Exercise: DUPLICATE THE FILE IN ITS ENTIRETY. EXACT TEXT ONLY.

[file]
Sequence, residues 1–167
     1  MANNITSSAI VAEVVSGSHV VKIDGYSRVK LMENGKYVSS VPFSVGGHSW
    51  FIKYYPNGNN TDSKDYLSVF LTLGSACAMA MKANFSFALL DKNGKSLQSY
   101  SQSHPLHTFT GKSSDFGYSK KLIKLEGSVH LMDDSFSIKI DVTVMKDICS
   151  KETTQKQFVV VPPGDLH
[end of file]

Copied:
Sequence, residues 1–167
     1  MANNITSSAI VAEVVSGSHV VKIDGYSRVK LMENGKYVSS VPFSVGGHSW
    51  FIKYYPNGNN TDSKDYLSVF LTLGSACAMA MKANFSFALL DKNGKSLQSY
   101  SQSHPLHTFT GKSSDFGYSK KLIKLEGSVH LMDDSFSIKI DVTVMKDICS
   151  KETTQKQFVV VPPGDLH